Exercises to be done Individually or in a Group
1. Discussion Questions- Description: This activity provides discussion questions, for your group or individual consideration, around some topics raised in these exercises.

2. Iceberg Identity Exercise - Summary: This activity, done individually or in your group, invites you to reflect on different aspects of your identity that inform how you experience and are seen in the world. You’ll need paper and pen to complete it.

3. Cultural Connection Conversation Starters - Description: This exercise invites your group to explore traditions of significance and to connect across differences.

4. Burnout Questionnaire - Summary: This questionnaire is designed to help you self-assess your level of burnout. It does not replace the need for professional assessment or support.

5. Develop a Burnout Scale - Summary: This exercise walks you through the creation of a personalized burnout and restoration scale. The scale is a tool that can help you better notice and prevent significant stress and burnout in your sponsorship year. This exercise can be done as a group or individually. You will need to print off or draw the graduated scale below.

6. Responding to Burnout - Summary: This resource offers 1) a set of questions you can ask to prevent burnout on an individual level and 2) a set of institutional conditions that help prevent burnout.

7. Create a Group Contract - Summary: This exercise asks you to reflect on, and then discuss, your expectations of, goals for, and contributions to the group. It then outlines steps to create a contract.

8. Communication Styles Activity - Description: This activity invites your group to experience different communication styles through an interactive game.

9. Avoid conflict escalation:: Take the pulse of the conversation - Summary: This resource is adapted from Motivational Interviewing (Miller & Rollnick, 2013). It provides a tool to help you avoid conflict escalation and the buildup of resentment. This informational resource can be easily read individually.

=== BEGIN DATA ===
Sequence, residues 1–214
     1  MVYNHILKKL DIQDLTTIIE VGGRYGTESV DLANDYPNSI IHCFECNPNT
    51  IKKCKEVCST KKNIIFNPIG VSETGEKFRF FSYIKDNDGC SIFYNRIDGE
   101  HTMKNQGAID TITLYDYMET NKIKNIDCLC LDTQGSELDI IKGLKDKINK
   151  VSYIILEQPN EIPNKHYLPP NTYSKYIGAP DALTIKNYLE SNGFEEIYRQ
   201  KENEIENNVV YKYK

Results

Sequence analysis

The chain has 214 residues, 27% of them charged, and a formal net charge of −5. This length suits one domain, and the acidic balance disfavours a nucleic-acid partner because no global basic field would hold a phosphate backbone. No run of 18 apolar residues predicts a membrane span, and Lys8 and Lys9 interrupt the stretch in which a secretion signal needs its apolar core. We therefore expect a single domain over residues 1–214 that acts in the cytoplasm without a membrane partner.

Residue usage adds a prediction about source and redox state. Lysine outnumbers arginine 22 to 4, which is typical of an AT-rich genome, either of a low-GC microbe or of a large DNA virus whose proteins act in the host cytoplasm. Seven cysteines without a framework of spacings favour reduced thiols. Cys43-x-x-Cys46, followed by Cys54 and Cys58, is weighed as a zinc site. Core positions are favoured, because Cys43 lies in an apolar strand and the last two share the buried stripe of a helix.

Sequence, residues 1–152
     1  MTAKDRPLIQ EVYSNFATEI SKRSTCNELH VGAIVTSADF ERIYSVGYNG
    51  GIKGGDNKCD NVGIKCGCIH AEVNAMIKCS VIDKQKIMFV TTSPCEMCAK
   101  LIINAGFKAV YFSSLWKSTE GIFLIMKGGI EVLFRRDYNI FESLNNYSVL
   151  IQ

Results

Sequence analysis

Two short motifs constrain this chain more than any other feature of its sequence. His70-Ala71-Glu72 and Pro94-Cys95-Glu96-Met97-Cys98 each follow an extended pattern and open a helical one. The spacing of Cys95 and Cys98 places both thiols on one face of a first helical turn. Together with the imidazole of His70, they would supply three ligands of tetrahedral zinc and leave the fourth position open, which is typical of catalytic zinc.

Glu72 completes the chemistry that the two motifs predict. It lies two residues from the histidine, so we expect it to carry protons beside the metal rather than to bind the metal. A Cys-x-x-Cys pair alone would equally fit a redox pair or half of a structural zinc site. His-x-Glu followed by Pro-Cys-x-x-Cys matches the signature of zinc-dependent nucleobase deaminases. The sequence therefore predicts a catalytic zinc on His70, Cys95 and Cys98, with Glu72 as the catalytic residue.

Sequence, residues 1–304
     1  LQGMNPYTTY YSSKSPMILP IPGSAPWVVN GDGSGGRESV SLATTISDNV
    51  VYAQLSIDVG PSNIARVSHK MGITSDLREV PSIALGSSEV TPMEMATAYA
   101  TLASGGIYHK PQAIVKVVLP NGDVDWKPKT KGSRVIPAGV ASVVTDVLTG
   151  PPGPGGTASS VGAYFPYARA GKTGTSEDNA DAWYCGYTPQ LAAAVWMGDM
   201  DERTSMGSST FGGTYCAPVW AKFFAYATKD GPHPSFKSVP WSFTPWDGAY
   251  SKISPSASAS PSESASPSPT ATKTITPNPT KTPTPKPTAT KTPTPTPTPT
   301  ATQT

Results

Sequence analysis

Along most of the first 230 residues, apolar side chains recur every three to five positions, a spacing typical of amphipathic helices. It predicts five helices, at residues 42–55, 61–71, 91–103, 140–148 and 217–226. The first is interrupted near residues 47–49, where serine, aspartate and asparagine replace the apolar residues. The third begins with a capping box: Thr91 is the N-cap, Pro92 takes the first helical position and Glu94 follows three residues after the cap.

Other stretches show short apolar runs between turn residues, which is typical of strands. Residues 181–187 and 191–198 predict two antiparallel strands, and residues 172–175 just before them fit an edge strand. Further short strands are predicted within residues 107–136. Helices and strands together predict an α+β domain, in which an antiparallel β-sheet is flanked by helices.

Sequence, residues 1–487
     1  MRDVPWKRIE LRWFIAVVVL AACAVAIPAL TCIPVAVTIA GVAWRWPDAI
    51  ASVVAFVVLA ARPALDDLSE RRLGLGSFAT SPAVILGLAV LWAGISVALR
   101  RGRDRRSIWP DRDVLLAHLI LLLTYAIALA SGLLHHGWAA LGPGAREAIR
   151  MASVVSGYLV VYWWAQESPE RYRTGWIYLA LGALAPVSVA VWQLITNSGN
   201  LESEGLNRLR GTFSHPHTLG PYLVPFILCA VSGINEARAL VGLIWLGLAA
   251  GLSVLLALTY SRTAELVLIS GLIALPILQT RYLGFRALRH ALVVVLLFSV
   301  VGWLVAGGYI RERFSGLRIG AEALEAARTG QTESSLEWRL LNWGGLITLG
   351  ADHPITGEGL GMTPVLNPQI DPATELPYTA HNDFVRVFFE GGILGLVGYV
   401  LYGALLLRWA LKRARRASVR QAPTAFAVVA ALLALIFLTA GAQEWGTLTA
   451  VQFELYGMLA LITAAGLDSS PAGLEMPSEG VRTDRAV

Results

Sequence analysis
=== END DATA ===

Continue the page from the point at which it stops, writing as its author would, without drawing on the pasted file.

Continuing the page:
More to come!

10. Honouring self-determination in conflicts - Summary: This exercise asks you to reflect on, and then discuss, a challenging settlement situation that might arise during your sponsorship year. It then provides some tools to help you navigate and prevent conflict.

11. Ask open-ended questions before responding - Description: Open-ended questions allow the respondent to take the question in whichever direction they choose, and as a result, enable you to answer more thoughtfully. Closed questions are not bad or wrong, and can even be more accessible to newcomers when you’re using interpretation. Yet they are designed to yield short answers and therefore might not provide you with as much context as open questions.

12. Check for understanding before giving feedback or advice - Description: A simple way to demonstrate that you have been listening and to get a fuller picture of the situation is to check for understanding.

13. Support informed decision-making using Elicit-Provide-Elicit (EPE) - Description: EPE is a way of providing information. Taken from Motivational Interviewing (Miller & Rollnick, 2013), EPE invites you to 1) ask for input and consent before providing any information about options, and 2) check for understanding and feedback after you’ve provided the information. This enables you to share your expertise on ESL, job prospects, etc. without going against the newcomer’s wishes.

14. Respecting Privacy and Confidentiality - Summary: This exercise invites you to work through several scenarios that can and have arisen around privacy and confidentiality. It is best done in a group.



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